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CONTACT: MARY GERAGHTY
100 Old Public Library
Iowa City IA 52242
(319) 384-0011; fax (319) 384-0024
e-mail: mary-geraghty@uiowa.edu

Release: Immediate

(NOTE TO EDITORS AND NEWS DIRECTORS: A full copy of the poll results, including graphs, charts and background information, is available by calling University News Services at (319) 384-0011. Professor Arthur Miller can be reached at (319) 335-2328 or at home at (319) 338-3373.)

UI Heartland Poll finds energized Democratic voters, no call for impeachment in Midwest

IOWA CITY, Iowa -- Despite fears that President Clinton's personal scandal would demoralize Democratic voters in the upcoming mid-term elections, the 1998 Heartland Poll from the University of Iowa shows that Democratic voters in the Midwest are more highly energized than their Republican counterparts. In addition, among registered voters, 54.3 percent indicated that they are likely to vote Democratic in their local House of Representatives races. Among those who are "very likely" to vote, 52.9 percent said they would vote Democratic.

The Heartland Poll is conducted in election years by the Iowa Social Science Institute at the UI. Arthur Miller, director of the Institute and a UI professor of political science, said that although a majority of voters question Clinton's morality, that is not enough to diminish people's perceptions of his overall job performance.

While mid-term elections typically are a reflection of the level of support for the president's party, Miller said this year's election would be based as much on opinions of the Republican Party as the Democratic Party. Miller noted that historically, the party of the sitting president loses 20 seats in the House in a mid-term election.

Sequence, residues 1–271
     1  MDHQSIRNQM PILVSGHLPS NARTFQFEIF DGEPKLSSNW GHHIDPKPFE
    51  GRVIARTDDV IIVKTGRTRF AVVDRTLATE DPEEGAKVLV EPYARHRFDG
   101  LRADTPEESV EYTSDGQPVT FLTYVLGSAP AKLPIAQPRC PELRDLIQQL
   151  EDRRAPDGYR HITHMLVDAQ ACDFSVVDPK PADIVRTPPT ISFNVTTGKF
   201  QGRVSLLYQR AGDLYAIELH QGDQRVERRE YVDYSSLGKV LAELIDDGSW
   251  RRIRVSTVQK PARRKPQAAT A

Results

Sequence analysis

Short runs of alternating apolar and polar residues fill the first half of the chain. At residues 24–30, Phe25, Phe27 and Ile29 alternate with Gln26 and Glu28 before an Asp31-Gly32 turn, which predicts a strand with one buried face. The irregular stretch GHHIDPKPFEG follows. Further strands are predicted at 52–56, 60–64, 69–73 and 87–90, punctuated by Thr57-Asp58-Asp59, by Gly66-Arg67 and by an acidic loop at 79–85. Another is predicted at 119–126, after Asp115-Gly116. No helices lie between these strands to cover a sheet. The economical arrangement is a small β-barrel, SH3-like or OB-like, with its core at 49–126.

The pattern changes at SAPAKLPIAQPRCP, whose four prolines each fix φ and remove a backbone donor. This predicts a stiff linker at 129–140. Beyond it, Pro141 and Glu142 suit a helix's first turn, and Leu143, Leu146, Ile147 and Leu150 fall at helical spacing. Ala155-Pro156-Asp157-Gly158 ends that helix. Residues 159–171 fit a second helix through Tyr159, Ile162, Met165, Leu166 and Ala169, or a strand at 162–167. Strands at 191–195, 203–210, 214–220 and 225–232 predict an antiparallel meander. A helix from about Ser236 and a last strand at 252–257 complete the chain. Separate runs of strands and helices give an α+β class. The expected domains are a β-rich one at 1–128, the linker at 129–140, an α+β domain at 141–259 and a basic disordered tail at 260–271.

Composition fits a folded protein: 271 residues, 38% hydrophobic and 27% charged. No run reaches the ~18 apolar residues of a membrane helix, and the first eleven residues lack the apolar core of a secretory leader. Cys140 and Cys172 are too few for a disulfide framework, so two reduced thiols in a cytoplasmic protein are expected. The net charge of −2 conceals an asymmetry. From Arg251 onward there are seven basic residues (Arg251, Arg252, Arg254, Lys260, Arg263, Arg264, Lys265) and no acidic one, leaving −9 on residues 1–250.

"If the Republicans fail to pick up at least those 20 seats, it will clearly be because this strategy of pursuing an attack on Clinton's morality has simply backfired," Miller said.

The poll shows that Clinton's popularity throughout the Midwest has decreased from 54 percent approval in 1994 to 37 percent approval in 1998. Despite the drop in his popularity, Clinton's overall job approval ratings have risen from 49.2 percent in 1994 to 67.3 percent in 1998.

The poll predicts that Clinton's personal problems will not adversely affect Midwestern Democrats running for office.

"Although people rate Clinton negatively based on morality, that's not what counts when people go to the polls," Miller said.

The poll indicates that a large majority of Midwesterners oppose removing Clinton from office because they see the Clinton/Lewinsky matter as a private affair and because they view the Starr investigation and impeachment proceedings as motivated by partisan politics.

Despite this feeling, 77 percent of Midwesterners believe that America and the American people have been hurt by the Clinton scandal and most respondents to the Heartland Poll believe that Clinton was responsible for the damage. Although they blame Clinton for the humiliation that his actions have brought to the whole country, 60 percent of Midwesterners still feel that he can be an effective president for the remainder of his term.

Miller created the Heartland Poll in 1988 as a unique political opinion poll to gather data from Iowans and residents of six surrounding states. This year's poll compares evaluations of current political sentiments in Iowa, Minnesota, Wisconsin, Illinois, Missouri, Nebraska, South Dakota, and the region as a whole. It is the first Midwest regional survey extensively examining public reaction to the Clinton/Lewinsky affair and impeachment proceedings.

This year's Heartland Poll is based on interviews conducted from October 5-19 with 825 respondents. The average interview lasted 24 minutes and the poll had a 74.7 percent cooperation rate. The margin of error is +/- 3.4 percent.

10/22/98